I think the current economic foolishness gripping the UK is entirely fixable, so why not fix it? In that context (which, if I’m reading you correctly, is the context you intend) it’s the height of cynicism to say Don’t Worry, Be Happy.

  3. This Island of England? Have you forgotten, as Londoners often do, about the resentful, woad-encrusted Picts and Gaels boiling eye of newt to the banshee screams of wind turbines north of the Wall?

      1. James and sven: My family heritage is Welsh and Scottish..”Island of England Breeds…” is a quote from Shakespeare (Henry V, just saw the Globe production in Cardiff, very good).

        1. Touché on my defective Bardlore.
          Henry V is dated to 1599, while Elizabeth was still alive and nobody knew what her successor James VI of Scotland would do. In the scenes with Henry’s ahistorically multicultural soldiery, you see Shakespeare already experimenting with the idea of a national identity beyond Englishness, but he didn’t have a word for it. The Welsh captain Fluellen is a comic character, but IMHO he’s more rounded than the (very funny) caricature of Owen Glendower in Henry IV. It was James who invented Britain as a political concept to unite his two kingdoms; and it’s s sensible convention to follow today.
          BTW, I don’t claim Welsh ancestry (some Scots), but owe my existence to the victory of Welehman Henry Tudor at Bosworth Field.

          1. James

            The current Globe production touring the UK has the most funny Fluellen I have ever seen — and I have seen many productions of the play. To compare to the film version, the Gobe’s Fluellen is much darker in Branagh’s (magnificent IMHO) version, lighter and with more of the regional strains in Olivier’s though still not as light as in the production touring the country now.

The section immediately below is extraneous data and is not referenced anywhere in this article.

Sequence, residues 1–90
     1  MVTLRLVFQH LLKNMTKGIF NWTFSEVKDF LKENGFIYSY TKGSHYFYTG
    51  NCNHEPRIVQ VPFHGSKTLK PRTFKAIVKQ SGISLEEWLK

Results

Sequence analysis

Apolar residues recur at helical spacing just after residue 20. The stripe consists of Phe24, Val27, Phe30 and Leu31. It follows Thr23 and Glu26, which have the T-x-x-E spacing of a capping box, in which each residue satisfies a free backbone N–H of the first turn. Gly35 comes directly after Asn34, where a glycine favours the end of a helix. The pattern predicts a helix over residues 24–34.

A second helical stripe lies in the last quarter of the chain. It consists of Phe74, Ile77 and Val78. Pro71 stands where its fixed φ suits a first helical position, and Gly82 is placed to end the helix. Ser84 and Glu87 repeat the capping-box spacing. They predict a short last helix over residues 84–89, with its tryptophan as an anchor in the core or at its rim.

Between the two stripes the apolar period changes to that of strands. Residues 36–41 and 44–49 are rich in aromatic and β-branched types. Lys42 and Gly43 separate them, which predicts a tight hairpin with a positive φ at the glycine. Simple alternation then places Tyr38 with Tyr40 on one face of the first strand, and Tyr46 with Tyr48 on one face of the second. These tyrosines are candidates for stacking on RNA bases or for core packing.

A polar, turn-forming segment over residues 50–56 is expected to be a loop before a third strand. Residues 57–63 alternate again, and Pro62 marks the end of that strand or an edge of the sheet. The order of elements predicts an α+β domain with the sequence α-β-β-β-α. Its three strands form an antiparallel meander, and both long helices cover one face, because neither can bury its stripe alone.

On my ancestry: the giveaway is the Y in my name. Humphries are overwhelmingly English, but Humphreys are overwhelmingly Welsh, don’t ask me why.


          2. Correct me if I am wrong, Mr Wimberley, but surely the idea of a personal union of crowns hardly began with Jimmy 6/1. There were plenty of precedents for it in medieval history (the Angevin “empire” being the most immediately relevant “British”example – see Henry II King of England, Count of Anjou, Count of Maine, Duke of Normandy, Duke of Aquitaine, Count of Nantes, and Lord of Ireland among other titles). During Jimmy 6/1’s reign, England and Scotland remained sovereign kingdoms with their own laws, judiciary etc etc. Jimmy 6/1 did talk about achieving an actual union, but this was extremely unpopular and he allowed the idea to fade out after some tentative stabs at legislation, including a short-lived commission. Vastly more significant, I submit, were the Acts of Union under Queen Anne in 1707 which actually unified the parliaments of England and Scotland.

      2. sven, when the Times was “the Thunderer” – the paper of record in Britain, and not the godawful Murdoch rag it’s become, it famously printed the headline, “Fog in Channel, Continent Cut Off”. I think we can safely say that Steinberg would have felt right at home.

    1. Given how he’s hollowing out what little credibility the American media still possess, I suggest that the British are vastly better off without him. I still can’t understand the appeal of a self-contradicting political and economic dunce with marked sanctimonious and hypocritical tendencies. His exploitation of the protests in Iran was one of the more nauseating displays of cultural imperialism in the last ten years – especially when one considers his record on Iraq!